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Jules Feiffer dances with noir in his graphic novel 'Kill My Mother'

Most octogenarians are slowing down, settling into the freedom of retirement — but not Jules Feiffer. Instead, the playwright, illustrator, screenwriter and Pulitzer Prize-winning cartoonist went back to the drawing board — literally — to tackle a whole new art form: the graphic novel.

"Never having known how to work in this style, suddenly in my 80s, I discover I can," he says by phone from his home on Long Island, N.Y. "I was both shocked and appalled that I had assigned myself this 2½-year job of drudgery. It turned out to be fun, but at the time I thought, 'This is impossible, what am I doing?'"

The result is his new graphic novel, "Kill My Mother" (Liveright: 160 pp., $27.95), a noir tale of dames and drunkards, wannabes and heroes, animosity and motherhood. It leans an elbow on the bar of the classics of pulp fiction and film: The story takes place in Bay City, a Raymond Chandler locale; a fight includes a line from "The Maltese Falcon"; and some very bad things happen in...

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Stephen King gets doused in the ALS Ice Bucket Challenge

 

John Grisham, what's holding you up?

Stephen King has joined the ranks of the soaked in the ALS Ice Bucket Challenge. In an Internet video, the bestselling author stands on a deck and allows himself to be doused with ice water -- leaving the ice in a freezer tray to prove it is, indeed, ice -- and manages not to swear, but just barely.

In case you missed it, here's how the challenge works: Film oneself getting soaked with a bucket of ice water and/or make a donation for ALS research within 24 hours, and pass the challenge on. Since the challenge went viral, the ALS Assn. has raised money and awareness. Between July 29 and Aug. 20 the organization raised $41.8 million for research from more than 700,000 new donors.

Many sports figures have joined in, including LeBron James, Brett Favre, Kobe Bryant, Boston Bruins hockey players and the offices of Major League Baseball, including Joe Torre and other Hall of Famers. ALS, or Amyotrophic lateral sclerosis, is also known as Lou Gehrig's...

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Sci-fi and fantasy authors reveal truths in the strangest fiction

Writers of realistic fiction are often are asked to wrestle with the question of autobiographical influence in interviews and essays. Some critics have made a cottage industry out of guessing even in the absence of hard data: Is the character a stand-in for the novelist? Is the plot based on something that actually happened in that person's life? Does the lost love exist?

Authors of speculative fiction face a completely opposite expectation, discovering that spectacle comes with the assumption that fantastical characters, dystopian story arcs, even an encounter with an alluring ghost emerged whole from the author's imagination, without any help from anything as boring as the pesky and unreliable imp known as reality.

I found this out firsthand with the publication of my own Southern Reach trilogy this year. The books revolve around Area X — an eerie, disquieting wilderness closed off from the rest of the world. Comparisons were made to all kinds of fantastical forbears (H.P. Lovecraft,...

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Paul Ryan is of two minds about Amazon -- or is he?

Rep. Paul D. Ryan's book "The Way Forward: Renewing the American Idea" is out this week from Grand Central Publishing. So Ryan, like any aspiring author, has hit the book-tour road.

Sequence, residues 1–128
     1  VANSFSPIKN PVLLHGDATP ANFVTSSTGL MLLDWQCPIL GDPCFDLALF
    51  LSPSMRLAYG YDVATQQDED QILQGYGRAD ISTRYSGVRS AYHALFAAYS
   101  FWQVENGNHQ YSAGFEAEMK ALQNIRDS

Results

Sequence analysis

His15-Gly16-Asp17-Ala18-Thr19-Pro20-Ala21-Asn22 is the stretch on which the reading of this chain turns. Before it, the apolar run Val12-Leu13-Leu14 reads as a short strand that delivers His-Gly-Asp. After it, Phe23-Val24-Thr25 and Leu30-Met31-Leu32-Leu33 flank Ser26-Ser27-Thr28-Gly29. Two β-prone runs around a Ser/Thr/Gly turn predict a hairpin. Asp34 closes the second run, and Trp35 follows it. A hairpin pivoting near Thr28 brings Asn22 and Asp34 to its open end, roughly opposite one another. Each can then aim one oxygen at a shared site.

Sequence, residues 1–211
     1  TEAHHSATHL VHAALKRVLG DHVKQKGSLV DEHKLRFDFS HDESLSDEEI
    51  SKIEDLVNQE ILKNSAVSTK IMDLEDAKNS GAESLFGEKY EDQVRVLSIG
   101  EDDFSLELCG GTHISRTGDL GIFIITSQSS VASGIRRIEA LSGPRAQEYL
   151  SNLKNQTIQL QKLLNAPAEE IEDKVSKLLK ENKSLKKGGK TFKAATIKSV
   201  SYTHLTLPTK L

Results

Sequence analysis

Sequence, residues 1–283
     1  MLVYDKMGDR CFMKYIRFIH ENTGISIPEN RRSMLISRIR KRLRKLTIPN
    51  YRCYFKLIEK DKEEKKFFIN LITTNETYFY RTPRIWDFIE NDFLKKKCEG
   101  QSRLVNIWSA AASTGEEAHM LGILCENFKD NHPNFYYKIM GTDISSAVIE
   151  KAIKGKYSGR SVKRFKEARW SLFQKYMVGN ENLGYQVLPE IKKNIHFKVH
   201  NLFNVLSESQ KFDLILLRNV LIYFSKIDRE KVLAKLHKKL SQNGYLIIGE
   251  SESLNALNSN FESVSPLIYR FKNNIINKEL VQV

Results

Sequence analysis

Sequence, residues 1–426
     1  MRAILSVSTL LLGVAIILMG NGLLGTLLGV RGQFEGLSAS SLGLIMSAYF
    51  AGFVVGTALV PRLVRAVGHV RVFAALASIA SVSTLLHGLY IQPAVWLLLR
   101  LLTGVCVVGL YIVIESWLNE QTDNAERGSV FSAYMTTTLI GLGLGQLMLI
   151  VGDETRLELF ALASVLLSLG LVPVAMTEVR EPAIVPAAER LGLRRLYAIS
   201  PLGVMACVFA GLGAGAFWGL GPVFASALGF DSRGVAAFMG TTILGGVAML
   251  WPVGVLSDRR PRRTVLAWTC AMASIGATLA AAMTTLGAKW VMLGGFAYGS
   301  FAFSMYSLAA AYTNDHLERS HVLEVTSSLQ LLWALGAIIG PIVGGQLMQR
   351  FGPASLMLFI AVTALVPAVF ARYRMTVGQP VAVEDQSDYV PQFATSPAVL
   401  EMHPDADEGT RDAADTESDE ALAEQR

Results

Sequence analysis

He appeared Wednesday on CNBC's "Squawk Box," and the show's anchors had questions about Amazon. Grand Central is part of Hachette, the company whose books Amazon has made less available to readers during contract negotiations.

"As a congressman I have to watch what I say, for ethical reasons," Ryan said.

But then he added, "It's a very frustrating thing. I wish this dispute got settled up. Clearly Amazon's making kind of a power play here -- in my opinion."

Ryan is a conservative Republican from Wisconsin who chairs the House Budget Committee and was GOP presidential candidate Mitt Romney's running mate in 2012. Like those of other politicians with big aspirations, his book is seen as a platform for a possible 2016 White House run.

That is, as long as voters can read it.

"Squawk Box's" Andrew Ross ...

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Florida Polytechnic University opens with a bookless library

Florida Polytechnic University is so new that it has only been open for a few days. It's the latest campus in the Florida State University system, has plans to be part of a new Silicon Valley East, and boasts a striking main building designed by Spanish architect Santiago Calatrava.

And a library with no books.

The main building is the Innovation, Science and Technology Building, which is where most of the 500 new students will spend their time in class. Its second floor includes the Commons, an area that includes its library services.

The Commons does have librarians and Internet connections to all the standard electronic resources of a university library. It provides access to a digital catalog that launched with 135,000 e-books. But take a look around the room, and it's completely bookless.

That is, unless a student happens to bring an old-style hardcover or paperback to school.

They might; like most university systems, Florida State makes all of its books available to students...

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Chad Kultgen's 'Men, Women & Children' comes to screens

Chad Kultgen is best known for his book "The Average American Male," the 2007 bestseller full of the meandering life and X-rated thoughts of, that's right, an average 20-something guy. Some people found it hilarious, others, misogynist. But it's his 2011 novel "Men, Women & Children" that's soon coming to screens.

The novel follows a group of junior high classmates, their parents and the private lives that the Internet enables them all to lead involving porn, video games and illicit relationships.

The film adaptation comes from Jason Reitman ("Up in the Air," "Juno") who has long been a fan of Kultgen's books. In 2011, he told the New York Times that he found Kultgen's work "shocking, but not because the content was unfamiliar. It was just a new experience to see those words written down."

The film version of "Men, Women & Children" stars Ansel Elgort ("The Fault In Our Stars") as one of the adolescents. The adult lineup includes Adam Sandler, Emma Thompson, Judy Greer and Jennifer...